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and read him with attentive, studious painfulness; which constant desire whosoever hath in him, hath already past half the hardness of the way, and therefore is beholden to the philosopher but for the other half. Nay, truly, learned men have learnedly thought, that where once reason hath so much overmastered passion, as that the mind hath a free desire to do well, the inward light each man hath in itself, is as good as a philosopher's book: since in nature we know it is well to do well, and what is well and what is evil, although not in the words of art which philosophers bestow upon us; for out of natural conceit the philosophers drew it. But to be moved to do that which we know, or to be moved with desire to know, hoc opus hic labor est.

Now, therein, of all sciences (I speak still of human, and, according to the human conceit) is our poet the monarch. For he doth not only shew the way, but giveth so sweet a prospect into the way, as will entice any man to enter into it: Nay, he doth, as if your journey should lie through a fair vineyard, at the' very first, give you a cluster of grapes; that, full of that taste, you may long to pass farther. He beginneth not with obscure definitions; which must blur the margent with interpretations, and load the memory with doubtfulness; but he cometh to you with words set in delightful proportion, either accompanied with, or prepared for,

the well enchanting skill of music; and with a tale, forsooth, he cometh unto you, with a tale which holdeth children from play, and old men from the chimney corner; and pretending no more, doth intend the winning of the mind from wickedness to virtue; even as the child is often brought to take most wholesome things, by hiding them in such other as have a pleasant taste: which if one should begin to tell them the nature of the aloes or rhubarbarum they should receive, would sooner take their physic at their ears than their mouth. So is it in men (most of whom are childish in the best things, till they be cradled in their graves). Glad they will be to hear the tales of Hercules, Achilles, Cyrus, Æneas; and hearing them, must needs hear the right description of wisdom, valour, and justice; which, if they had been barely (that is to say, philosophically) set out, they would swear they be brought to school again.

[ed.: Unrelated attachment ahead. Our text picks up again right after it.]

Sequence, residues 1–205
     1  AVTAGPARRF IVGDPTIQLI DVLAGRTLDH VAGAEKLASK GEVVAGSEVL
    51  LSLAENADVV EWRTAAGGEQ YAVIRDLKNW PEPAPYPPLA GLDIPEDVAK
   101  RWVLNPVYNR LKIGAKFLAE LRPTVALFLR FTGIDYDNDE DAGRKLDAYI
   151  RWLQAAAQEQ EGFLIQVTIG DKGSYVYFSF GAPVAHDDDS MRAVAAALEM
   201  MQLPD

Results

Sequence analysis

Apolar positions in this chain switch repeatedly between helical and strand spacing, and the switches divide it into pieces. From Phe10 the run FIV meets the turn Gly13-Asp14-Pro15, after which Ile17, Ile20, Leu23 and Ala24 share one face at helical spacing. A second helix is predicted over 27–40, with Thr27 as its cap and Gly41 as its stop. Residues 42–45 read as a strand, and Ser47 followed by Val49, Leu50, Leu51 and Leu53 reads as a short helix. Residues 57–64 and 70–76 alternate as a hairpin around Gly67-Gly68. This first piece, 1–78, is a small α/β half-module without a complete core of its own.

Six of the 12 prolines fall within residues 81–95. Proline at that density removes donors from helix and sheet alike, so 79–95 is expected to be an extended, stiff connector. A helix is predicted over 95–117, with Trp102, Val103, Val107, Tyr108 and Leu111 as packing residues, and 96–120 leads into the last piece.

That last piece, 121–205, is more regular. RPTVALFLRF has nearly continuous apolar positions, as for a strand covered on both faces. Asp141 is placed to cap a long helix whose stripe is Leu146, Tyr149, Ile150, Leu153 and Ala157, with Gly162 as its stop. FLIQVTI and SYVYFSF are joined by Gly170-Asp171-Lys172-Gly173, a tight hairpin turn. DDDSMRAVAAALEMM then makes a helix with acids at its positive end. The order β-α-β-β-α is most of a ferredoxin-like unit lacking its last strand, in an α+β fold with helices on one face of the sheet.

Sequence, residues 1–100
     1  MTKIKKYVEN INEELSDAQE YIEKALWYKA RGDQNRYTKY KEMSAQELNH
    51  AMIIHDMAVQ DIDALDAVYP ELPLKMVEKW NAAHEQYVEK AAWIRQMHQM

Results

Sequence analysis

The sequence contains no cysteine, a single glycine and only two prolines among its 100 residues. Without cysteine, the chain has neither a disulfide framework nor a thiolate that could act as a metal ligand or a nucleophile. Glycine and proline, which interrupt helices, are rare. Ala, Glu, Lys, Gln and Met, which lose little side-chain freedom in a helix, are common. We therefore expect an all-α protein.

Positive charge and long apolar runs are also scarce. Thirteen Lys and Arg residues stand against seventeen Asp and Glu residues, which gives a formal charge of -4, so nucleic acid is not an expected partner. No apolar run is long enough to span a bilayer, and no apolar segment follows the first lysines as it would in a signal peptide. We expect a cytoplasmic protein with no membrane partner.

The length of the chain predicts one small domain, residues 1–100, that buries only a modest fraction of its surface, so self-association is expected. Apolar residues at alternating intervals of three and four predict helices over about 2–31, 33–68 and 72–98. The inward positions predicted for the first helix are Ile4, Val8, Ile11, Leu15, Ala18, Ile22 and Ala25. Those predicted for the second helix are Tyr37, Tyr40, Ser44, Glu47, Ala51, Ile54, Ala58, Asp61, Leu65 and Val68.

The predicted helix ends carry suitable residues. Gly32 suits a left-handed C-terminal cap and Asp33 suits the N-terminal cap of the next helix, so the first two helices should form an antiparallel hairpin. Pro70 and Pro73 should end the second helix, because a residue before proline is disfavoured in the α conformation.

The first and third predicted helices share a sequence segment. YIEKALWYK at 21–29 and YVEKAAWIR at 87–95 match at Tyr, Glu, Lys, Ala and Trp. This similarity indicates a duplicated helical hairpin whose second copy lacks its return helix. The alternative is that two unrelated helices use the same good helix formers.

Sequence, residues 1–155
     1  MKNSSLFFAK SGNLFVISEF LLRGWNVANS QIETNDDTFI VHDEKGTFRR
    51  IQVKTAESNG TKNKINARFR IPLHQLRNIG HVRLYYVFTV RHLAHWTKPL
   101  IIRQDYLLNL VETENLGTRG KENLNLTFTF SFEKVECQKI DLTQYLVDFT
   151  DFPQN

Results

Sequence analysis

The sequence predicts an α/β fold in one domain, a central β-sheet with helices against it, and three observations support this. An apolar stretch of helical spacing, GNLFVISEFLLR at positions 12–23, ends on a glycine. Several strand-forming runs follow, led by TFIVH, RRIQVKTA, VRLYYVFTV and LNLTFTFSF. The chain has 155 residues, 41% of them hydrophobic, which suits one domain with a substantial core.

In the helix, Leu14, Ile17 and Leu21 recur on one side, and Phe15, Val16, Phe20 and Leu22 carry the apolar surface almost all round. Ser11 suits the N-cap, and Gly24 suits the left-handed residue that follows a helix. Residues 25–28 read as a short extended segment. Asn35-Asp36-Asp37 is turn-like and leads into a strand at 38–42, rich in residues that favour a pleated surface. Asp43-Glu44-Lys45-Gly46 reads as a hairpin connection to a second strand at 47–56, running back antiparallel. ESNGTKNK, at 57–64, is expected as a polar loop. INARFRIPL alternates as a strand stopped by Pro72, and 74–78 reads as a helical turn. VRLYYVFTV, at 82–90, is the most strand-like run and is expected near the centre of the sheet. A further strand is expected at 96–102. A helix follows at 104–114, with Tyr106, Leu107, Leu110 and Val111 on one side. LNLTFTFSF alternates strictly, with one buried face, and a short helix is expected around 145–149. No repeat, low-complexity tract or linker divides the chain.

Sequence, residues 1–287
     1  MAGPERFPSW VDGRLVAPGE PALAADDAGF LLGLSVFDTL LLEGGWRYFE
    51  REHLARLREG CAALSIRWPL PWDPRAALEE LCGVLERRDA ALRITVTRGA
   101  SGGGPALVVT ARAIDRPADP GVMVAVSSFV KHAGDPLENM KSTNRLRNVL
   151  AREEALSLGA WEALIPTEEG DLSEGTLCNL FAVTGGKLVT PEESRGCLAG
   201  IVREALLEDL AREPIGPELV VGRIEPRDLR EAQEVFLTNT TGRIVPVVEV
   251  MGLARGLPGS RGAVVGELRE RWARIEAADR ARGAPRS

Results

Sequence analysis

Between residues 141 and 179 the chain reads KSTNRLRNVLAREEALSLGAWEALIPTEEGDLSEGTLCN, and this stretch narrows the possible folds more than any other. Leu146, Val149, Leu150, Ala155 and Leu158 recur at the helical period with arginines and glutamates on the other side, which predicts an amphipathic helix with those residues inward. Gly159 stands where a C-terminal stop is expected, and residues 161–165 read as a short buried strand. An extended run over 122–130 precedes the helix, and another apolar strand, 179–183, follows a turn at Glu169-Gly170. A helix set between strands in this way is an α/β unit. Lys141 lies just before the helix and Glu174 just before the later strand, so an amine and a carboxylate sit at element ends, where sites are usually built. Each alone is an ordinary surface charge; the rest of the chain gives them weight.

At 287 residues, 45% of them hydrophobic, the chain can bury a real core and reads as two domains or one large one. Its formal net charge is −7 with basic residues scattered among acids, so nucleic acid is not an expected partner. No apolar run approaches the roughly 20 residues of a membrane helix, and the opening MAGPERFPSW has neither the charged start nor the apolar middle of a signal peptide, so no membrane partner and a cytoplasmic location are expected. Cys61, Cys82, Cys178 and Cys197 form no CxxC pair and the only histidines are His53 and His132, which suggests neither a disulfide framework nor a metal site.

3. Sidney wrote also a pamphlet, published among the Sidney-papers, in answer to the famous libel, entitled, "Leicester's Commonwealth;" in which he defends his uncle with great spirit; particularly in respect of what had been said of him in derogation of his honour.

Sidney's works complete were reprinted in 1725, in 3 vols. 8vo.`

As a writer, lord Brook says of him, "that his end was not writing, even while he wrote; nor his knowledge moulded for tables or schools; but both his wit and understanding bent upon his heart to make himself and others, not in words or opinion, but in life and action, good and great."


THE divine author of the Faery Queen be longs rather to a poetical than a prose series of writers; in prose, he has left only one small though valuable work. Spencer was born in London, about the year 1553; and descended from the ancient and honourable family of Spencer, of which himself was the greatest honour. "The nobility of the Spencers (says Gibbon) has been illustrated and enriched by the trophies of Marlborough; but I exhort them to consider the Faery Queen as the most precious jewel of their coronet." He was admitted, in 1569, at Pembroke-hall, Cambridge, in the humble academical rank of sizer; and having taken his degrees in arts, quitted the university, as supposed, and went

to reside with some relations in the north of


At Cambridge, he had become acquainted with Gabriel Harvey of Trinity-hall, by whose advice he removed, in 1578, to London. Here, Harvey introduced him to sir Philip Sidney, who extended towards him his generous and elevating friendship, and introduced him to the earl of Leicester, who gave him an appointment as agent in France and other parts, though it proved abortive. Soon after, however, or in 1580, lord Grey being appointed lord lieutenant of Ireland, Spencer attended him in quality of secretary; but his lordship being recalled two years after, Spencer returned with him to England, where he continued till the death of his noble-hearted friend, sir Philip Sidney-a loss he never ceased to lament.

He obtained, in 1586, a grant of above 3000 acres out of the forfeited lands of the earl of Desmond, which, as he was obliged by his patent to cultivate, caused his removal to Ireland. His residence was at the castle of Kilcolman, in the county of Cork, where he was visited by sir Walter Ralegh, in whose company he came to England, and by whom he was introduced at court. Elizabeth granted him

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